‘Wanderer’ falls flat

Novels focused on dystopian societies have been around for ages. Many have become famous for their depictions of what society could become in the future. “Atlas Shrugged,” “1984” and “The Handmaid’s Tale” are only a few among the many classics. Though the first dystopian novels were written centuries ago, their popularity for both novelists and readers has skyrocketed in the past 15 years.

Roger Davenport joins the rank of these dystopian novelists with his newly released book, “Wanderer.” “Wanderer,” which debuted on April 1, is set in a thriving, yet government-controlled city named Arcone. Society in Davenport’s book is split between those living within the luxury of the city and the Wanderers, who scavenge for food and water just so they may go on living.

This novel focuses on two teenagers from opposite sides of society who become unlikely allies.

Kean, a young Wanderer, was ejected from the city as a baby because he was born with six fingers on one hand. The Wanderers live in desert conditions with heat so intense they must sleep during the day and travel by night. Survival is the only goal of these people, but Kean has aspirations that far surpass scavenging for food and water.

Essa, on the other hand, lives in the comfort of the air-conditioned, pyramid-shaped tent that houses all of the residents of Arcone. She is an only child who is rather dissatisfied with life in the pyramid, and her curiosity leads her to sneak around to explore forbidden areas of the city whenever she has a chance. Essa cannot understand why the history of the city’s creation is held so secret that only the highest government officials have access to the information.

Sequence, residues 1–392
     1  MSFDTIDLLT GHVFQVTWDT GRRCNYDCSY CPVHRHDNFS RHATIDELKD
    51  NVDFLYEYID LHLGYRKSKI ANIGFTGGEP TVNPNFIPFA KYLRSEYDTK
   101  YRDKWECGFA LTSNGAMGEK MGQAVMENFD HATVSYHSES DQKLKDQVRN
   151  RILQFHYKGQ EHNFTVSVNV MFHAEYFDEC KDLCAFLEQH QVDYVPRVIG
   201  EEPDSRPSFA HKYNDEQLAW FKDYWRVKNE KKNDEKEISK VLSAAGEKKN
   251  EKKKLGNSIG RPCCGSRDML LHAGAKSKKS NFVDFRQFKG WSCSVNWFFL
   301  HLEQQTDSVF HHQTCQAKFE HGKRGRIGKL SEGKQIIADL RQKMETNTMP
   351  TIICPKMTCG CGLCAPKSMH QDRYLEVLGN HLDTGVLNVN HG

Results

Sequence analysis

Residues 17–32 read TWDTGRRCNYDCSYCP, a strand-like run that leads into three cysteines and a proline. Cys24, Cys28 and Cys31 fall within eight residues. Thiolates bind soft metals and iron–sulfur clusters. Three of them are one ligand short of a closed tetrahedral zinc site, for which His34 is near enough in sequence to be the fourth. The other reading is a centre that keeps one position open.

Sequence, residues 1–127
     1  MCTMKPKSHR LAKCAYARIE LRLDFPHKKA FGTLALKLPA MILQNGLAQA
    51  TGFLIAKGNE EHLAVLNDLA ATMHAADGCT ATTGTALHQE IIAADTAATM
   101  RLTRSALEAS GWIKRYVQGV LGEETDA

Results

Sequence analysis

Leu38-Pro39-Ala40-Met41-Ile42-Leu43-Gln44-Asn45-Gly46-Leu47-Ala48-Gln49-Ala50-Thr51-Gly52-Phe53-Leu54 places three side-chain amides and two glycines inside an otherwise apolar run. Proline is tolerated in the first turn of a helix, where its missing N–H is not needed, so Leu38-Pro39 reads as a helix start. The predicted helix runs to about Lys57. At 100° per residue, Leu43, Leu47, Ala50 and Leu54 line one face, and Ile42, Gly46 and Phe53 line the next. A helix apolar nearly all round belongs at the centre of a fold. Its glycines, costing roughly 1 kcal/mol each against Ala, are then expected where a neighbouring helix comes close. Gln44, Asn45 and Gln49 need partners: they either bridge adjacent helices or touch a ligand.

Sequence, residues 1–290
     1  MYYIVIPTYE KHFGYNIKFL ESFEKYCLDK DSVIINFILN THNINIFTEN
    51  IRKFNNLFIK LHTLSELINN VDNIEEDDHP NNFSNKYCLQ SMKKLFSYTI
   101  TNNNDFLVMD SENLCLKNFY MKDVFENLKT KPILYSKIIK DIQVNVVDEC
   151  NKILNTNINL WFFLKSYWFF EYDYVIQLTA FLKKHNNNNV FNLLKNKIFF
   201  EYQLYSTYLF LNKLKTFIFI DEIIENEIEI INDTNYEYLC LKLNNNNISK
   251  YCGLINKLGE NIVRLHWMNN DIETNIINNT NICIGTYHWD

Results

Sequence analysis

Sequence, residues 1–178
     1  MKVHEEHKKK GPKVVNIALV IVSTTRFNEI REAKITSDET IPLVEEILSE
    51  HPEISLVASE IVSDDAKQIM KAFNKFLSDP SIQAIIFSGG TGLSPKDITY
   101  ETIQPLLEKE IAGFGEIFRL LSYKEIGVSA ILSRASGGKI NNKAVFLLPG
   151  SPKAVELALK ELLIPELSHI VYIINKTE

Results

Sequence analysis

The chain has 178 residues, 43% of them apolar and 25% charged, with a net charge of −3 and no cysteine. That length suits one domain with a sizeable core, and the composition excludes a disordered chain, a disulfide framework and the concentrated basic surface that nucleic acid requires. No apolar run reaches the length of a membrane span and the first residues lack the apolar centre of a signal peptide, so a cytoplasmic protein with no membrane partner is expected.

Though the premise of “Wanderer” is intriguing, the lack of emotion displayed by the characters keeps the story from being truly great. In 180 pages, very little was learned about either of the key characters in the novel. Both characters were rather flat in an otherwise chaotic, socially inept society.

Kean seemed somewhat inconsequential to the entire story. It is even hard to come up with character traits for him besides being loyal and at times reckless. I wanted to like him since he is the main character, but by the end of the book, I really didn’t care whether he lived or died. I was just indifferent.

The same can be said of Essa. Though she had a bit more depth with a back story that could lead the reader to feel sympathetic, she still did not incite any true emotional connection. She was very curious and somewhat bucked authority, but she was not at all relatable.

The lack of character development in “Wanderer” was quite disappointing. It is so interesting to look at what society could become with just a little tweak in the belief systems. Unfortunately for “Wanderer,” the story of this society just wasn’t enough. To make a truly great novel, there should be some characters who evoke love, compassion and even hate. If you don’t cheer when the bad guy loses, then there is a problem. Moreover, if it is not even clear who the bad guy is -- an even bigger problem.

Overall, an awesome plot idea, a great setting and an intriguing futuristic society do not make a great novel. Without strong characterization, “Wanderer” does not bring anything fresh or new to the genre and ends being quite mediocre.

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